Physical activity in non-ambulatory toddlers with cerebral palsy

Res Dev Disabil. 2019 Jul:90:51-58. doi: 10.1016/j.ridd.2019.04.002. Epub 2019 May 4.


Background: Children with cerebral palsy are less likely to be physically active than their peers, however there is limited evidence regarding self-initiated physical activity in toddlers who are not able, or who may never be able, to walk.

Aims: The aim of this study was to measure self-initiated physical activity and its relationship to gross motor function and participation in non-ambulatory toddlers with cerebral palsy.

Methods and procedures: Participants were between the ages of 1-3 years. Physical activity during independent floor-play at home was recorded using a wearable tri-axial accelerometer worn on the child's thigh. The Gross Motor Function Measure-66 and the Child Engagement in Daily Life, a parent-reported questionnaire of participation, were administered.

Outcomes and results: Data were analyzed from the twenty participants who recorded at least 90 min of floor-play (mean: 229 min), resulting in 4598 total floor-play minutes. The relationship between physical activity and gross motor function was not statistically significant (r = 0.20; p = 0.39), nor were the relationships between physical activity and participation (r = 0.05-0.09; p = 0.71-0.84).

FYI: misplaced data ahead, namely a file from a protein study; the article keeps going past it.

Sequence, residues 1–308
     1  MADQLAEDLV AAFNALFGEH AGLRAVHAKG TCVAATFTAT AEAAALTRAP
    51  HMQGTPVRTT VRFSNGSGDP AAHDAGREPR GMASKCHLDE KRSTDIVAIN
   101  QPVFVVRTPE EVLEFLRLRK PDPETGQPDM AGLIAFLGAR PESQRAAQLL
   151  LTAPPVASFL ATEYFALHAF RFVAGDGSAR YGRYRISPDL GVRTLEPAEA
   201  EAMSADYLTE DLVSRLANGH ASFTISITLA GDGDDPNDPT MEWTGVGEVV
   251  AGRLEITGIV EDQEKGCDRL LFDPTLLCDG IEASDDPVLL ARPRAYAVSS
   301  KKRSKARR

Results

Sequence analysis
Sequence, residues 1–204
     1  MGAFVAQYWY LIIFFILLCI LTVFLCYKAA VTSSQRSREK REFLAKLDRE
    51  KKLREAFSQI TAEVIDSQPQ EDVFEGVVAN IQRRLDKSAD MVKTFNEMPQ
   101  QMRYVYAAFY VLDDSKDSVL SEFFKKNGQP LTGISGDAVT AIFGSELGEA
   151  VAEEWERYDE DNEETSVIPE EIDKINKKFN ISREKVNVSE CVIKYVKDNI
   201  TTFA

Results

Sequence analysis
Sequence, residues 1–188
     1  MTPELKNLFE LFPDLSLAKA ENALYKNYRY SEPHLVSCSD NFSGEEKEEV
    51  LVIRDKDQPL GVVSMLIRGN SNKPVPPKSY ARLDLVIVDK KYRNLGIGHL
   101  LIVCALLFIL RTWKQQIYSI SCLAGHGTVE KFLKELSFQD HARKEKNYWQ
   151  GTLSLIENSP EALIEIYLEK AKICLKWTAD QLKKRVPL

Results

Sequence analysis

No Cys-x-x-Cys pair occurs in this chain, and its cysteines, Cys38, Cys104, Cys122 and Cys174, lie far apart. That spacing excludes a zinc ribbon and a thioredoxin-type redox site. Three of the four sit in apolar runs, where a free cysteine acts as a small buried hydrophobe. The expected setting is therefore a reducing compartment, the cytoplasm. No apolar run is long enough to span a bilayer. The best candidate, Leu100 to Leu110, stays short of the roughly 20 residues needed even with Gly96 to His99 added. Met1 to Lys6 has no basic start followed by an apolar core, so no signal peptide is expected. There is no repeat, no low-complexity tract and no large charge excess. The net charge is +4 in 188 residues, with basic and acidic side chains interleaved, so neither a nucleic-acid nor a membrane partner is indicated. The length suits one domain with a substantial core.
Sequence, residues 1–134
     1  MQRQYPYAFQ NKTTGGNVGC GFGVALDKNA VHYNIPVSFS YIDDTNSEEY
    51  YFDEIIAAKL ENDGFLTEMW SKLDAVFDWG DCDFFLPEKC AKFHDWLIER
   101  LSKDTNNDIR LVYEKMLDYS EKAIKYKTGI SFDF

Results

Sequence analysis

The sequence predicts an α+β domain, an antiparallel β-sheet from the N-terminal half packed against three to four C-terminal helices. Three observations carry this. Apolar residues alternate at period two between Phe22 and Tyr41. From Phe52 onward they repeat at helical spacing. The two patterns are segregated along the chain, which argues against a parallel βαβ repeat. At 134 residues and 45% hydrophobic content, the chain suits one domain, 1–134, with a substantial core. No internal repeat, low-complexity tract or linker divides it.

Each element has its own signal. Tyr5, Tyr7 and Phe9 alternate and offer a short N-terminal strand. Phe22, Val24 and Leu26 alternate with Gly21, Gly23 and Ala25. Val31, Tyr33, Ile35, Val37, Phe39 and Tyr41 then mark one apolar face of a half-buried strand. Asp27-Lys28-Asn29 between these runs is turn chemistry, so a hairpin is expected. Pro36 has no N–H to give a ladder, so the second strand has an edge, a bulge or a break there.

Conclusions and implications: The results suggest physical activity during floor-play is not related to gross motor function or participation in non-ambulatory toddlers with cerebral palsy. Clinicians and researchers should independently measure physical activity, gross motor function, and participation.

Keywords: Cerebral palsy; Gross motor function; Participation; Pediatrics; Physical activity; Rehabilitation.

MeSH terms

  • Accelerometry / methods
  • Cerebral Palsy* / diagnosis
  • Cerebral Palsy* / physiopathology
  • Cerebral Palsy* / psychology
  • Cerebral Palsy* / rehabilitation
  • Child, Preschool
  • Disabled Children / rehabilitation*
  • Exercise* / physiology
  • Exercise* / psychology
  • Female
  • Humans
  • Infant
  • Male
  • Motor Skills*
  • Patient Participation* / methods
  • Patient Participation* / psychology
  • Play and Playthings
  • Quality of Life*